There are a few types of pet insurances that you can choose from in New Zealand, and they all vary slightly. When you’re deciding whether pet insurance is worth it for you, knowing about the different types of cover is important.
Broadly speaking, below are the types of cover available.
- Accident/emergency only: This policy covers vet expenses in case your pet has an accident. It does not cover illness, only accidents. This is normally the most affordable type of cover but often has the lowest maximum benefit limit. This can be less than $1 a day.
- Accident and illness: This type of insurance provides cover for expenses relating to both accidents and illnesses. This is a more expensive option with a higher maximum benefit limit but doesn’t usually cover things like dental or routine vaccinations.
- Comprehensive cover: This policy usually covers vet costs for accidents and illnesses in addition to routine treatments (and sometimes dental). It is the most expensive type of cat insurance or dog insurance from $1.50 upwards a day. Also, it likely covers routine vaccinations and worming treatments.
Of course, the exact type of cover available can and does vary from insurer to insurer. And some companies will offer various add-ons. PD Insurance, for example, covers hereditary conditions in both our Classic and Deluxe plans. These plans also allow owners to add on ‘Wellness Benefits Package’ cover for things like vaccinations and boarding fees.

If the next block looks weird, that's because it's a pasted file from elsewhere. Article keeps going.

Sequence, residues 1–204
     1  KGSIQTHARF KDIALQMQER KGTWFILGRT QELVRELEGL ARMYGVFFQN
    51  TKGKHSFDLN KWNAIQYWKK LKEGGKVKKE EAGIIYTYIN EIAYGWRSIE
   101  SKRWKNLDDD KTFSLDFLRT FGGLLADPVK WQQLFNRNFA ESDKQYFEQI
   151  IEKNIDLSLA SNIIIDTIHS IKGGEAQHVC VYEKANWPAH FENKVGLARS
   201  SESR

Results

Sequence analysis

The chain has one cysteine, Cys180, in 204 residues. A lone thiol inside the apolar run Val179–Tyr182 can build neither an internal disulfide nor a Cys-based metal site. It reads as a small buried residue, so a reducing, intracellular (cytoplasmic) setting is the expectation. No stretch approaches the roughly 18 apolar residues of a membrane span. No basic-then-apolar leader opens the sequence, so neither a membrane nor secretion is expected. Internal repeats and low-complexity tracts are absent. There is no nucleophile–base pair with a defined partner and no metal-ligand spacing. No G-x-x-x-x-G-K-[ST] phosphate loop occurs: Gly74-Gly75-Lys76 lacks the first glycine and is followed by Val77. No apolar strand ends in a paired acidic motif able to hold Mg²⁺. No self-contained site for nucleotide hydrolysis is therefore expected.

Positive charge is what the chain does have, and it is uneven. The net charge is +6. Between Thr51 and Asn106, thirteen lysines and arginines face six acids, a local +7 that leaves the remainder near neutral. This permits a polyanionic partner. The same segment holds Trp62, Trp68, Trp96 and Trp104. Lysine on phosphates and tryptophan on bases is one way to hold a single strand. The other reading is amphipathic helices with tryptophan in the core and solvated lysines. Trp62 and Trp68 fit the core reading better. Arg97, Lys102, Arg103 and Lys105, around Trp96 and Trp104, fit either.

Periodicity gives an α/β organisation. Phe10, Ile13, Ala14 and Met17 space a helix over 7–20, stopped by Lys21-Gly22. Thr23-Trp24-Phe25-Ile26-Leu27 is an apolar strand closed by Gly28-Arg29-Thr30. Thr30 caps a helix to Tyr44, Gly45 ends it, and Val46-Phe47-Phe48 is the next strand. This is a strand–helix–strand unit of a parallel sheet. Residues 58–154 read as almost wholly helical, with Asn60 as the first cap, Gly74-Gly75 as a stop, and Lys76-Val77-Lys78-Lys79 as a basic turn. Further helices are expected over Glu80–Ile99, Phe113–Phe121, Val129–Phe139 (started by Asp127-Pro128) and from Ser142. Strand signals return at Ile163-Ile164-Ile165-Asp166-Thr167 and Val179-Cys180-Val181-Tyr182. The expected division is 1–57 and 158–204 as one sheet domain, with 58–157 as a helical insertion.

What does insurance cover and exclude?
As with most other types of insurance, there are limits in terms of what pet insurance covers and what it will exclude. Again, this will depend on the exact underwriting rules for each insurer you speak to, as well as your choice of cover and personal circumstances.
As stated earlier, normally, pet insurance will cover vet bills relating to accident or illness up to a certain monetary sum per year (called a ‘defined benefit limit’). The exact cover given depends on the policy that you choose, but comprehensive plans will often provide cover for everything from an emergency surgery after a car accident to treatment after a diagnosis of cancer, and even regular medication.
The pet owner will pay an excess per claim, similar to car insurance. This will be either a fixed fee or a percentage of the bill, and you may have the option to choose how much your excess is within a sliding scale. For example, with us you can choose a 10%, 20% or 30% excess. A lower excess will mean a higher monthly premium.